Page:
The people the banks forgot
Paul Vallely is visiting professor in Public Ethics at the University of Chester and a senior research fellow at the Brooks World Poverty Institute at the University of Manchester. He writes on ethical, political and cultural issues. He has a fortnightly column in the Independent on Sunday and also writes for the New York Times and the Church Times. His latest book is Pope Francis – Untying the Knots. He was co-author of the report of the Commission for Africa and has chaired several development charities.
Saturday 09 May 1998
THE name is written Misisi, but it is pronounced Missus. The land on which the shanty town is built once belonged to an Englishwoman called Mrs Cook. It is now divided into two compounds. The other, naturally enough, is called Kuk.
If there is a comedy to its name, there is precious little to smile at about life in Misisi, one of the poorest suburbs in the Zambian capital Lusaka. The fine dust blows in swirls around your head as you cross the railway line which separates the place from the more prosperous Kabwate estate. Only this is not dust. It is dried human excrement which floods the compound when the pit latrines overflow in the rain. It sinks into the ground and the fierce heat cooks it and powders it for the wind to twist in clouds which clog your eyes and nose and throat.
It is a long way from Birmingham to Lusaka. But the geographical distance is nothing beside the psychological one. In Birmingham, the finance ministers of the most powerful countries in the world gathered yesterday in preparation for the summit of their heads of government next weekend. In Misisi live the people whose future turns on the financiers' dry statistical deliberations.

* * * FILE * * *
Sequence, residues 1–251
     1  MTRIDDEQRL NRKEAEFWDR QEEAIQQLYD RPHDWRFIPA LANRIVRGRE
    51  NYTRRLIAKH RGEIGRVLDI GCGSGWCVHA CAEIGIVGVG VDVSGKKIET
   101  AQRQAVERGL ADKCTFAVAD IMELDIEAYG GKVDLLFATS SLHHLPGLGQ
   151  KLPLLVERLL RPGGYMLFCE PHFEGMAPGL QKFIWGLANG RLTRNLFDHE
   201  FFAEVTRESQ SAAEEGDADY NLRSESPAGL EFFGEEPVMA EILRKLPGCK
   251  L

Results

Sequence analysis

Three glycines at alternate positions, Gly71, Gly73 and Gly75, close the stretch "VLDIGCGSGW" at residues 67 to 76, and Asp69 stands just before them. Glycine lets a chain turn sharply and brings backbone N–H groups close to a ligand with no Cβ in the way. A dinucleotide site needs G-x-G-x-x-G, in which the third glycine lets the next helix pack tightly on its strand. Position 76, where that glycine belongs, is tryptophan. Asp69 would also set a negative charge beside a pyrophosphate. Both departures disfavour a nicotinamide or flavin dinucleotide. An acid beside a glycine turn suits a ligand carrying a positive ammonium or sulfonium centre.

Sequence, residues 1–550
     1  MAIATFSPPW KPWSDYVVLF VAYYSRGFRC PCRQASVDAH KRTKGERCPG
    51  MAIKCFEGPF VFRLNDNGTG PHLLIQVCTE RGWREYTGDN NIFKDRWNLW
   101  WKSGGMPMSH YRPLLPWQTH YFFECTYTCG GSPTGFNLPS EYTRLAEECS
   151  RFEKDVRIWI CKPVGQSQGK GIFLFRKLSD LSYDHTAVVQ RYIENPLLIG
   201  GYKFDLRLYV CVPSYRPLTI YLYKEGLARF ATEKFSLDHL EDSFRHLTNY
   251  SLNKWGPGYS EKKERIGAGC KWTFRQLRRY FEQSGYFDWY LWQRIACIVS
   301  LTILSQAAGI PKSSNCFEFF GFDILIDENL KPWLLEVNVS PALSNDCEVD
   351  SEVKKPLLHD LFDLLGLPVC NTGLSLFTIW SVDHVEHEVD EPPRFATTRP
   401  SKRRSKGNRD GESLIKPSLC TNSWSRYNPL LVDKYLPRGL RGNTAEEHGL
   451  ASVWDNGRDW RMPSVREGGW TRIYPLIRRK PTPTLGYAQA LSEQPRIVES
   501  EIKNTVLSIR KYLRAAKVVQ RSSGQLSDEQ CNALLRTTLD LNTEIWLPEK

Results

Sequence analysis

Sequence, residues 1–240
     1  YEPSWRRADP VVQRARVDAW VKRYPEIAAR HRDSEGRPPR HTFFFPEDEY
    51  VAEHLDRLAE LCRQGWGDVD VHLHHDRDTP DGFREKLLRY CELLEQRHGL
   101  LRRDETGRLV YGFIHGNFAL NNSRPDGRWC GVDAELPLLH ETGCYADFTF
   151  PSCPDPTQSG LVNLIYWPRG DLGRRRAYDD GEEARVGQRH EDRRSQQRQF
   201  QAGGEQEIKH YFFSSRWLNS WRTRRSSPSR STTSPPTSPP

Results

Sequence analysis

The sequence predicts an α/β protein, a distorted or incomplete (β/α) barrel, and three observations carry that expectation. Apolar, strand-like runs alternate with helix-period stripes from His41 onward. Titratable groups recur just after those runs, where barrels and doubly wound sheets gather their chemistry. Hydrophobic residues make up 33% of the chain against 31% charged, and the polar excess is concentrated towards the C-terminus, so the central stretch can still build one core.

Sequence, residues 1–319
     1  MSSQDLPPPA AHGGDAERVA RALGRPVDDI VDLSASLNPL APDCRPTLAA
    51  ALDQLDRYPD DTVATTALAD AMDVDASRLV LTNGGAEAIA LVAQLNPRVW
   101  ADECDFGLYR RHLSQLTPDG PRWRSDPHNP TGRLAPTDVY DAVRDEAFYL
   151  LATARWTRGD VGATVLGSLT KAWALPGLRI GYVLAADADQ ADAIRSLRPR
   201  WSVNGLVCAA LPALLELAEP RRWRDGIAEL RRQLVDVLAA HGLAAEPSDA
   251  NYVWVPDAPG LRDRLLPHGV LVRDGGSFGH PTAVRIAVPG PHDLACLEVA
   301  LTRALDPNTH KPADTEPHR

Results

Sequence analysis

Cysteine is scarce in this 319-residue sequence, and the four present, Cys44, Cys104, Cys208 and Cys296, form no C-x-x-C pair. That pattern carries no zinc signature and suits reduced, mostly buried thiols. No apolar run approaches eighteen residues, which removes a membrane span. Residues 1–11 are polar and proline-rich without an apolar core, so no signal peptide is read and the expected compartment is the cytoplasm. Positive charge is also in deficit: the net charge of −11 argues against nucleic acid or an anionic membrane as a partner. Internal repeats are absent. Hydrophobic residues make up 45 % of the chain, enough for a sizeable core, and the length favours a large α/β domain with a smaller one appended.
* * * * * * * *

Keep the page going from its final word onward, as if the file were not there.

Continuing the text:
Theirs is a netherworld beyond the imaginings of those who have never left the comfort of Africa's holiday highways. It is not the sights, for you have seen them on the television. It is the smell, a combination of baked sweat and urine. It is the sense of intimacy, the nearness of the walls, the tentative touching hands of the curious children and the unwavering gaze of their parents.
This is a world of desperate enterprise. Everywhere by the sides of the dirt tracks the people of Misisi try to scrape a living by selling to one another. Small boys sell dried caterpillars and locusts from raggy bags on ramshackle tables. Old women sit in the dust with tiny amounts of wild fruits set out like dusty jewels on old cloths. Those with a little capital have bought big bags of sugar or mealie meal which they have sub-divided into the minute packets which is all that can be afforded by people who buy only enough for the next meal, if they can pay for one.
There are no jobs. A handful of the men once worked in the copper belt to the north, but the mines have been shut down in the process of privatisation. With the mines went the housing, the schools and the clinics they provided. Their state equivalents never existed, or have closed under government cuts, or have had fees introduced which exclude the children of the poor.
This is the new baseline for ordinary people in Africa. For them, life has gone backwards since I was last in Zambia 10 years ago. The story is the same throughout the continent. For one billion people, development is being thrown into reverse. After decades of steady economic advance since colonial times Africa is sliding back into poverty.
The children around me were almost all younger than they looked: almost half of all African children are so malnourished that their growth is stunted. Infant mortality is rising: one in five of the children around me in Misisi now die before the age of five. Last time I was in Zambia the average life expectancy, I recall, was 56. Today it is 42.